Something bothers me about Thanksgiving. Not to tear apart a culturally significant and sacrosanct holiday, but I don’t think the holiday is any more about giving thanks than it is about materialism.
The question of whether Thanksgiving even originated with the Pilgrims is questionable. If it didn’t then how did food and shopping become so tangled up in the essence of the day? If it did, and they sat down to eat a feast immediately after slaughtering their fellow Native Americans, then here we have another holiday that rests on the premise of occupying and killing. (Columbus Day comes in second.)
If you listen to NPR today, you’ll hear lots of Thanksgiving programs. Some may even be about the kindness done in New York for victims of Sandy, who were given turkey and other items to help them celebrate. But most of the shows feature endless interviews about turkey recipes and deep frying and best techniques for getting that cornbread savory and soft.
G-d forbid it be crunchy around the edges.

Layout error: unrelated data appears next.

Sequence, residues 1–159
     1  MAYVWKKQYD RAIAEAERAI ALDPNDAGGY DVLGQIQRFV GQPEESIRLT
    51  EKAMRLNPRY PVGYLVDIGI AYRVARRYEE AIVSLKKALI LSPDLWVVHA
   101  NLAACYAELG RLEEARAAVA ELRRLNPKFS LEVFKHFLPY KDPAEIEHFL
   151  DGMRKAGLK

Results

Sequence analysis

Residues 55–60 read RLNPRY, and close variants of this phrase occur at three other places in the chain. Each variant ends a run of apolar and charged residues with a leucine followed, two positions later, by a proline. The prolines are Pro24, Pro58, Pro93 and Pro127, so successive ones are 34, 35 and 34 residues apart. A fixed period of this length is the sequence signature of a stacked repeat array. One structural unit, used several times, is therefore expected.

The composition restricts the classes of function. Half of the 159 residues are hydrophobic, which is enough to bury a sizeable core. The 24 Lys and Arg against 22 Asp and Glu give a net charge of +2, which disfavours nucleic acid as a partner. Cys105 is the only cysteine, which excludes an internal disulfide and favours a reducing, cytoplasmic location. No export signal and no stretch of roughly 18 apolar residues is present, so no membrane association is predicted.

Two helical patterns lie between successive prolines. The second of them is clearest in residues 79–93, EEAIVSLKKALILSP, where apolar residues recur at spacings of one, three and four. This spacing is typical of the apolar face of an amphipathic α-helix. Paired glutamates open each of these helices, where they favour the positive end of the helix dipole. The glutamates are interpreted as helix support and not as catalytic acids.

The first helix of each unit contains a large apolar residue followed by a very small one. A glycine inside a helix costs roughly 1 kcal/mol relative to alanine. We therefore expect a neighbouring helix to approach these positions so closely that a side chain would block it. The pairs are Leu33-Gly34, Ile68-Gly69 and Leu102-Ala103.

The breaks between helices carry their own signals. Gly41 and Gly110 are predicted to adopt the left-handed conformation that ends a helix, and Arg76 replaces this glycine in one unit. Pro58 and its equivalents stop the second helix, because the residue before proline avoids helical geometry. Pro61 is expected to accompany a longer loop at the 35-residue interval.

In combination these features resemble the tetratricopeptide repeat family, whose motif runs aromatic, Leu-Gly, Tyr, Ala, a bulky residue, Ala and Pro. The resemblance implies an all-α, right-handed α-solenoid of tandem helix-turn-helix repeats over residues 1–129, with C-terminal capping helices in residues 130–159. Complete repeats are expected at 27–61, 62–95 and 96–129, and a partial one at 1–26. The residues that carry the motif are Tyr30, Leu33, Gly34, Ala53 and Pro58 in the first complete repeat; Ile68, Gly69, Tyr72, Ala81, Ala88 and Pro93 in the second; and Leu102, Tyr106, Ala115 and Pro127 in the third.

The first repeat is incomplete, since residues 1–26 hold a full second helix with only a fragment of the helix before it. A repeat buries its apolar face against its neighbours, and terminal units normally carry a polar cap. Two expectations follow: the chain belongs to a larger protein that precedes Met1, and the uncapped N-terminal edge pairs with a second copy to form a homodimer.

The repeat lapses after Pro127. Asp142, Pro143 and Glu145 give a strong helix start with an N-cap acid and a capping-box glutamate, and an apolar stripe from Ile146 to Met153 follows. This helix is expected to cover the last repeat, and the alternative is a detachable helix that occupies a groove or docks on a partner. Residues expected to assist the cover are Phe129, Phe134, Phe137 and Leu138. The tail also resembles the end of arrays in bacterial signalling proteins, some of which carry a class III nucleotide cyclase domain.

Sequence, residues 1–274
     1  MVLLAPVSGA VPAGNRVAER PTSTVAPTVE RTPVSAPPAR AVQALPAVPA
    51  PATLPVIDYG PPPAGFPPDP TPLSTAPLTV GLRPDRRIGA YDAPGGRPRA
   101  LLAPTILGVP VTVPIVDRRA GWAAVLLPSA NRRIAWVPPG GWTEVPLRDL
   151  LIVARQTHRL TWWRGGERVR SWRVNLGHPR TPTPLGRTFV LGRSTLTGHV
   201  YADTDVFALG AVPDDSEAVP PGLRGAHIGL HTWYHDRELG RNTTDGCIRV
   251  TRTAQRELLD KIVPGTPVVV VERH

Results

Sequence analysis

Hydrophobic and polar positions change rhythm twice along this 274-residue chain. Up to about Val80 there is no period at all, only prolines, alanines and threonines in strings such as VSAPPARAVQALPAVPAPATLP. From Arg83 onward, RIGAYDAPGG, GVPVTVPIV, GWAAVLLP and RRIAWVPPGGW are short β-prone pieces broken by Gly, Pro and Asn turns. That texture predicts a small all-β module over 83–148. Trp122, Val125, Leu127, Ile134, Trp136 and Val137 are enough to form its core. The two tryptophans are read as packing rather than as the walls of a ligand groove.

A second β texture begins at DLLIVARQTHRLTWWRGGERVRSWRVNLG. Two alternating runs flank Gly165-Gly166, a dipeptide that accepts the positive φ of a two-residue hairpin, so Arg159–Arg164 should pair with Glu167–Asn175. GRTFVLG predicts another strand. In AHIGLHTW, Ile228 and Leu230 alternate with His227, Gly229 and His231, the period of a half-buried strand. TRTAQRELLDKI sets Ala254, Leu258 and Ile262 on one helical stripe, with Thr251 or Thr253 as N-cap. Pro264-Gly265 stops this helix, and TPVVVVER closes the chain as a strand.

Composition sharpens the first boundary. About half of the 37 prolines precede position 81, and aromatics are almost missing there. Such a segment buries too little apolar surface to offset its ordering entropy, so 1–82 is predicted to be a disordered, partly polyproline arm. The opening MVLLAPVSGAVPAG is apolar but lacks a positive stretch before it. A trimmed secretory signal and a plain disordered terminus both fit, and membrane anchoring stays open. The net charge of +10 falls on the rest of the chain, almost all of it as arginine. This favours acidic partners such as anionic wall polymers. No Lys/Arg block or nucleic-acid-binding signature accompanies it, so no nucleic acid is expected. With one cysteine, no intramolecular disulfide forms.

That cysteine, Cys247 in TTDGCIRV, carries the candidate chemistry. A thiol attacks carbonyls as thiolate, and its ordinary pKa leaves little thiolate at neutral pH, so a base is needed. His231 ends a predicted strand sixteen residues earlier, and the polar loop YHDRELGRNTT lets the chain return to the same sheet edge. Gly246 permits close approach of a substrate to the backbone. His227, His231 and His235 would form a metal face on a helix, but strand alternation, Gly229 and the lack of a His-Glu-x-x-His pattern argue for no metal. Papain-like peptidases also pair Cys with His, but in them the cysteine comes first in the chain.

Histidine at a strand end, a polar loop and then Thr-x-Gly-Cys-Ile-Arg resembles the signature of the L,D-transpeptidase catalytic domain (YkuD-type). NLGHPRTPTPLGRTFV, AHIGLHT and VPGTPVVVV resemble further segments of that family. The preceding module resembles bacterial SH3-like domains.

At the gym the other day, people asked me where I was “doing” Thanksgiving. Not what I’m thankful for, and not what the holiday means to me, but essentially, where I’m eating tonight. It’s great that as a nation we have one or two days a year where uninhibited binging is encouraged, and truthfully the break is a relief, but should we label it a holiday? The holiday’s name itself seems a lame rationalization or excuse for eating. If we truly do want it to be about something more than food, then let’s show that.
Next question: why follow immediately with Black Friday? Stores are opening at eight p.m. tonight. This is hardly enough time for families to finish their valuable meals before they head out to hit the stores, evidence of rampant consumerism run amok in this country. I’m going Black Friday shopping myself, but I’m not pretending Thanksgiving is about being thankful for what I have. I should be thankful, and sometimes I am, and kudos to the people who truly celebrate the namesake of the holiday. I’m engaging in the materialism that Horkheimer and Adorno labeled the “mass culture industry,” which feeds us endless goods and makes us conform to a culture that fosters a loss of consciousness among its consumers. We shop and shop to fill a void that’s only exacerbated by our swapping material goods with hard work and values we cherish, because we want to take the easy way out. We’re only digging ourselves in deeper and making it more difficult in the long run.
It’s pretty ironic that we’re running out to buy things we don’t need, with money we don’t have, right after we finish being thankful for what we do have.
Just some food (turkey and cornbread?) for thought.